Brunswick among nation's fastest-growing counties

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SOUTHEASTERN N.C. | Once again, Brunswick County is among the nation's fastest­growing counties, according to the latest estimates from the U.S. Census Bureau.

Brunswick County had a 10.6 percent growth rate in population between 2010 and 2014, from 107,431 people to 118,836, according to Census data. Nationwide, Brunswick's growth rate ranked 50 out of the top 100 counties for the four­year period. The list only includes counties with at least 10,000 people.

"We've been on this trend for a while," said Brunswick County Manager Ann Hardy.

 As a resident, Hardy sees the results – new businesses and restaurants opening up and new homes across the county.

"We're very fortunate to have a lot of folks coming from diverse areas – mainly the northeast – where we've got a lot of retirees coming to take advantage of the many leisure pastimes we offer as well as the great weather," Hardy said.

Brunswick is second among North Carolina counties that landed a spot on the nationwide list – Wake County was in the 46th spot – though Brunswick bested Harnett, Mecklenburg, Hoke, Durham, and Union counties.

Jim Bradshaw, executive director of the Brunswick County Economic Commission, hoped the news would boost efforts to snag new industry or business.

"When you get this type of publicity it helps us when we'retryingtorecruitlargerretaildevelopmentinthecounty," he said.

Apart from the nationwide list, Pender County had the 10th highest growth rate among North Carolina counties during the same period, according to the Carolina Population Center at UNC­Chapel Hill.

Pender's growth rate was 7.8 percent. Thepercentageiscalculatedbythechangeinpopulations between 2010 and 2014 in each county.

New Hanover County was not among the state's top 10 highest growth counties.

Regional growth

Overall, New Hanover, Brunswick and Pender counties grew by nearly 8,000 people in 2014, according to the Census Bureau.

The growth in the three counties last year represents 12 percent of North Carolina's total population growth of 95,047.

Based on the number of people born and that move here from elsewhere, New Hanover County is among the top 10 growth counties in North Carolina, according to an analysis produced by the State Data Center. That analysis compared all counties.

The other counties on the growth list surround other cities – Charlotte, Raleigh, Durham, Greensboro, Winston­Salem and Asheville.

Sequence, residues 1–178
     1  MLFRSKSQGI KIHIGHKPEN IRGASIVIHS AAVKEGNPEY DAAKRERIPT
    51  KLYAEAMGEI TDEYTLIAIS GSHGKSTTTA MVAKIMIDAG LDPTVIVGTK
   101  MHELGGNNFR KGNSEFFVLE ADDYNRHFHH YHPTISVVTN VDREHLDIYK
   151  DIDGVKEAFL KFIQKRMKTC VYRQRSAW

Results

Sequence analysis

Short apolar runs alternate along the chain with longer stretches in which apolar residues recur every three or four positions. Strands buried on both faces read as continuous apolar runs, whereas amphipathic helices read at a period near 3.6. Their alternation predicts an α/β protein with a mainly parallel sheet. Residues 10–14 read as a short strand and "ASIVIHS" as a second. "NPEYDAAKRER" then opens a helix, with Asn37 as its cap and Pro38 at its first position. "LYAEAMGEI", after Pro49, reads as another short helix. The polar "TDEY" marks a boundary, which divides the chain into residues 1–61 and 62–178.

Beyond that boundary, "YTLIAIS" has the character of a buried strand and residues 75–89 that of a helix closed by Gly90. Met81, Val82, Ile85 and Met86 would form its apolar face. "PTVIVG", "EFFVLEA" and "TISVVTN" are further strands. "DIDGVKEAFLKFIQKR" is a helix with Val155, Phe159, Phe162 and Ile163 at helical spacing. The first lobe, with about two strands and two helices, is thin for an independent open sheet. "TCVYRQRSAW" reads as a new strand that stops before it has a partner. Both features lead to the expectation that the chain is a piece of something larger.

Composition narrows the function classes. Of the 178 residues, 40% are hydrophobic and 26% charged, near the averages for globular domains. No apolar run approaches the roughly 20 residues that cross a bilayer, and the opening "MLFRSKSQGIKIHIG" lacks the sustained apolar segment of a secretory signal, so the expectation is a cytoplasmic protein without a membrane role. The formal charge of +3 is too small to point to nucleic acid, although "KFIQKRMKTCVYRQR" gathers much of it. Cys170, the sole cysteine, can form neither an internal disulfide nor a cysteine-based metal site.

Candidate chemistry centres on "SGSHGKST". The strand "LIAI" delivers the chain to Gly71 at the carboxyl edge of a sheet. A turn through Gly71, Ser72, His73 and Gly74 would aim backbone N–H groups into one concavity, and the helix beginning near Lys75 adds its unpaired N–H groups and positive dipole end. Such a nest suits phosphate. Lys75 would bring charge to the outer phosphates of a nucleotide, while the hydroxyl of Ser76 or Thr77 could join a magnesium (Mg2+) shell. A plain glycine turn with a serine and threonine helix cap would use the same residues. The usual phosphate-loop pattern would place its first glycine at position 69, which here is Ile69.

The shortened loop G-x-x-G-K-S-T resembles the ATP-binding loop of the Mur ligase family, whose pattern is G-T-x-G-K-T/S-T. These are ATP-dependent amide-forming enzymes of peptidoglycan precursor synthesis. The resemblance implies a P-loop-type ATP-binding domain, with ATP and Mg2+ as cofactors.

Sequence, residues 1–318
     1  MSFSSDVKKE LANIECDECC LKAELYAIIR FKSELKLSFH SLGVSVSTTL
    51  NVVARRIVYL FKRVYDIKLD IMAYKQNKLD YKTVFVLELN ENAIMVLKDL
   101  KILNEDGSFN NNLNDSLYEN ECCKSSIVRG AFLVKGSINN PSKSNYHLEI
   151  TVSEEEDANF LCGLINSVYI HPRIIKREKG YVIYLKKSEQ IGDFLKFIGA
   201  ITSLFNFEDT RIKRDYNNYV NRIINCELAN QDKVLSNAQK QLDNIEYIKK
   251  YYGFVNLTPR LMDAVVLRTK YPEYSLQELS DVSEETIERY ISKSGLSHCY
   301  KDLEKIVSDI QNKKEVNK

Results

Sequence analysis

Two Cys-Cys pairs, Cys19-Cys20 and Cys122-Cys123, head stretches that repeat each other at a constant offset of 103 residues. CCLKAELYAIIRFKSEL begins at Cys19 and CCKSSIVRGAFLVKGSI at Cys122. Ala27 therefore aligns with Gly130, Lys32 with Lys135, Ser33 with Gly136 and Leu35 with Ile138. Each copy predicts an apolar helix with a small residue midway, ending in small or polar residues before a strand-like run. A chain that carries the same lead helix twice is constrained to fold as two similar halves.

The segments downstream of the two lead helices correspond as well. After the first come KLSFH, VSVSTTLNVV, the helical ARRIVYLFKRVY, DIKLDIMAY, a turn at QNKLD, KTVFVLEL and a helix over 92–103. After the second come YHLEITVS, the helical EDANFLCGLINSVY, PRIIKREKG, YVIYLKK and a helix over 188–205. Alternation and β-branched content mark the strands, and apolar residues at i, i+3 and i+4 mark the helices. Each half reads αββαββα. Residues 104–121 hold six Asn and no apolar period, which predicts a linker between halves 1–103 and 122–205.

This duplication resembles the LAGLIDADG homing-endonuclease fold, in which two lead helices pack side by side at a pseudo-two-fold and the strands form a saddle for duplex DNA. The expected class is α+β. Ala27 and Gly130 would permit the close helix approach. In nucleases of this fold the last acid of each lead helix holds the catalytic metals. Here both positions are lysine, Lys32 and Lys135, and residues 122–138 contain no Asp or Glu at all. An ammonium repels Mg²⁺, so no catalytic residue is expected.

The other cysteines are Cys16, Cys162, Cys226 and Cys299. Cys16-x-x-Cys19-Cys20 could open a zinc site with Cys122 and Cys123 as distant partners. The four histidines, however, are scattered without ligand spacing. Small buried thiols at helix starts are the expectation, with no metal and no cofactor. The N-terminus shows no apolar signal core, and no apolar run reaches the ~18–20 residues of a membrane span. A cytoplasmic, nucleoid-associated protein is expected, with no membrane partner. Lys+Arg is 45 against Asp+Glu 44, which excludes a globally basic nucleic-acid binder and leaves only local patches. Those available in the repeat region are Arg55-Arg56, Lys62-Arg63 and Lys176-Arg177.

New Hanover and Brunswick counties are also among the top 10 counties in the state with the largest number of outsiders moving in, according to the center's analysis.

Wilmington Chamber of Commerce President Connie Majure­Rhett reacted positively to the new figures.

"It's always good to be growing," Majure­Rhett said Thursday. "We certainly need to add to our worker base here."

Although she views the growth as positive, a larger population brings other issues involved in supporting the growth, she said.

More people means more traffic on the area's congested roads, for example. Continued growth could mean increased property tax revenue for local governments, but it also places more demand on services.

Growth elsewhere

South of Wilmington, the Myrtle Beach, S.C., metropolitan area was the second fastest­growing in the country last year, according to the Census Bureau.

After the 2010 U.S. Census, the federal government moved Brunswick County into the Myrtle Beach metro area – a change local officials protested.

Lookingintothefuturepastthe2020 Census, it is possible further growth in northern Brunswick County could prompt federal officials to return Brunswick to the Wilmington area, Majure­Rhett said. "Hopefully, we'll get Brunswick back."

Nearly half of North Carolina's total population growth last year was in the Raleigh and Charlotte areas, according to the data center.

Mecklenburg County passed the 1 million benchmark last year by about 12,000 people, according to Census figures. Raleigh's Wake County is not far behind with more than 998,000 people.

Yet the center points out North Carolina's growth is "not consistent across all counties" – 49 of 100 counties actually shrank. Columbus County, for example, lost 241 people.

By Julian March

Julian.March@StarNewsOnline.com

Published: Thursday, March 26, 2015 at 11:15 a.m.

Last Modified: Thursday, March 26, 2015 at 11:15 a.m.

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